UK labour productivity drops, spelling trouble for jobs and pay, says CIPD

David Woods , 30 Mar 2012


UK labour productivity fell by 0.7% in the fourth quarter of 2011 on an output per hour basis, according to the Office for National Statistics (ONS).

Its findings found Market sector productivity fell by 1% on this basis.

Productivity of the service sector fell by 1% in the fourth quarter, but manufacturing productivity rose by 0.7% to a record level in the fourth quarter. Productivity in the broader production sector fell by 0.3%.

UK unit labour costs increased by 1.2% in Q4. Manufacturing unit wage costs fell by 0.2 per cent over this period.

John Philpott, chief economic adviser at the CIPD, said: "There is good news but also worrying news in the latest official snapshot of UK productivity. Manufacturing productivity is powering ahead which bodes well for business competitiveness and export led growth.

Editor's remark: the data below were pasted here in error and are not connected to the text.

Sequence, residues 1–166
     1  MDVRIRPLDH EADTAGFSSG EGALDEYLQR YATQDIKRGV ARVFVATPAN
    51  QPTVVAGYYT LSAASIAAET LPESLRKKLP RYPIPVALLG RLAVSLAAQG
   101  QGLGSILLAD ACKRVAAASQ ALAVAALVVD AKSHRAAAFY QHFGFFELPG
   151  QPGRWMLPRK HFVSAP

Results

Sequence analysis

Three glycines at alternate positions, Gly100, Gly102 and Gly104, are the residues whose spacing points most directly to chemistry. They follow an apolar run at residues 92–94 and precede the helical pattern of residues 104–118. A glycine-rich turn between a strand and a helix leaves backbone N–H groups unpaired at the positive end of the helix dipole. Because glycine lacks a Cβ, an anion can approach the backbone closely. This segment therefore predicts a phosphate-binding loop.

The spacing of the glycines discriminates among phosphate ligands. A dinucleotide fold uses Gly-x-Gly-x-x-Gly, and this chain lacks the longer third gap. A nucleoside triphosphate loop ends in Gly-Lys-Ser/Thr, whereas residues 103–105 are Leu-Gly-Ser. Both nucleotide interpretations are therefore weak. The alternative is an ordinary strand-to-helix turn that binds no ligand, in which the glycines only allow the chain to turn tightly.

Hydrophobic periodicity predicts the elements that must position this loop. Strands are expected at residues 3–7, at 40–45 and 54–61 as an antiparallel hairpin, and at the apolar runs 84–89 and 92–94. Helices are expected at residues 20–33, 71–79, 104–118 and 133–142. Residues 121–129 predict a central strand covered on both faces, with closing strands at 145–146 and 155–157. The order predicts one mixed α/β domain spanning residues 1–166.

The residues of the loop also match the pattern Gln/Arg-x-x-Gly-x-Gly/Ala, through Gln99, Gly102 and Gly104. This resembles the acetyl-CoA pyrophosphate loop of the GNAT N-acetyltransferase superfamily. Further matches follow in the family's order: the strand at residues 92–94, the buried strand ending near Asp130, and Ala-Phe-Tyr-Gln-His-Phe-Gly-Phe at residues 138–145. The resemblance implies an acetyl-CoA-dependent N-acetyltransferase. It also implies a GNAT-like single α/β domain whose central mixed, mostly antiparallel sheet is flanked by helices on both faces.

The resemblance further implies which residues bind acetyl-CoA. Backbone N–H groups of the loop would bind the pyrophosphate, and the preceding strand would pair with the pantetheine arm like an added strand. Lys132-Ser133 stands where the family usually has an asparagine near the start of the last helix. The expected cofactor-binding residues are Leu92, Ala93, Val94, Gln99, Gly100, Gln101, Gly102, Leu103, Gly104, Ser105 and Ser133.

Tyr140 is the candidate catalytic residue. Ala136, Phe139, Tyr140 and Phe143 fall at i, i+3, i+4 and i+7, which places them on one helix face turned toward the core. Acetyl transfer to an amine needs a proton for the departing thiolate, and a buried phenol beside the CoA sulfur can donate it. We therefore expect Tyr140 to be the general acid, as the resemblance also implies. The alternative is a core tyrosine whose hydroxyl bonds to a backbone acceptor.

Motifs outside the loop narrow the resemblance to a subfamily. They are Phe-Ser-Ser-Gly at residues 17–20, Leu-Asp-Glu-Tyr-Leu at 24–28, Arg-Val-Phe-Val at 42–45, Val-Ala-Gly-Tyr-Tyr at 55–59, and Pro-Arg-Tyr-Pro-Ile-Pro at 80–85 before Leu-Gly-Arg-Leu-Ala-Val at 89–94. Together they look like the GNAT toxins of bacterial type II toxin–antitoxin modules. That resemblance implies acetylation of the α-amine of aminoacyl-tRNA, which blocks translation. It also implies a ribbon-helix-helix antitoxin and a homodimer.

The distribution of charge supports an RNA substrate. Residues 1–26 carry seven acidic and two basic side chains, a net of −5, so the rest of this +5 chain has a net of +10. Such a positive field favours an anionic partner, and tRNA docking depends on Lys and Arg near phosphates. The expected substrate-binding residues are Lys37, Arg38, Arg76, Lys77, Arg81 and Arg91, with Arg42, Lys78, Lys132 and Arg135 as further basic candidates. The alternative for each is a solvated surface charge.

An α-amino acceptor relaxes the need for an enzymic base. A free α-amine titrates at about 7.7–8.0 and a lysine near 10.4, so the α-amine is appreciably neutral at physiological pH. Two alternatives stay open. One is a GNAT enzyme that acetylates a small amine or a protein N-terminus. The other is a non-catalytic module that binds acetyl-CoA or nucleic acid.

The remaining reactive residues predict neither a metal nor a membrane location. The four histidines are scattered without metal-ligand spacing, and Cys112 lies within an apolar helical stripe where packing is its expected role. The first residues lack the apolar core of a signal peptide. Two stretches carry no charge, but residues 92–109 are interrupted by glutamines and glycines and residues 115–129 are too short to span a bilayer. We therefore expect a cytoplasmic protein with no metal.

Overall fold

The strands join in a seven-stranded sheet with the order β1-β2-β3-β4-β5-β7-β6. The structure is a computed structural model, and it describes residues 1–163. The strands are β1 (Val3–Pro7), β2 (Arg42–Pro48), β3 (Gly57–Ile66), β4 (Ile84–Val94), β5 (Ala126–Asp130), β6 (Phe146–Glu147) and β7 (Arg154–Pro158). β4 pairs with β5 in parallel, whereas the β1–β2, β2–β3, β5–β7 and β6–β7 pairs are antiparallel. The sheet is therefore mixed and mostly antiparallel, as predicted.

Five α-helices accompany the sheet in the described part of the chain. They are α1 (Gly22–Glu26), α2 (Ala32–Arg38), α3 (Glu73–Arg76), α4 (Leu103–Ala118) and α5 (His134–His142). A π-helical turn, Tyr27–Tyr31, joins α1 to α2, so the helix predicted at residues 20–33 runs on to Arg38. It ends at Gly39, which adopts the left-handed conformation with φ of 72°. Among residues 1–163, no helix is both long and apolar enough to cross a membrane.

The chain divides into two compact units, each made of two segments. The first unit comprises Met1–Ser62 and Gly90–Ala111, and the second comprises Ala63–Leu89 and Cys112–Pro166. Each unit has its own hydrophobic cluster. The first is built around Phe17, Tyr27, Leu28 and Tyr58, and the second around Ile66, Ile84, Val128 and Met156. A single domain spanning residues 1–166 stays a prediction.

"But signs that service sector productivity is falling and putting upward pressure on unit labour costs spells trouble for jobs and pay. While businesses operating in private sector services continue to experience weak demand they will not only be reluctant to hire more staff but may need to ask existing staff to accept a further period of pay restraint to avoid job cuts.

"With the service sector accounting for the vast majority of UK employment, and private sector service employers the main hope for the new jobs needed to offset the ongoing public sector jobs cull, these latest growth and productivity figures increase the risk of a weak 'job loss recovery' this year."


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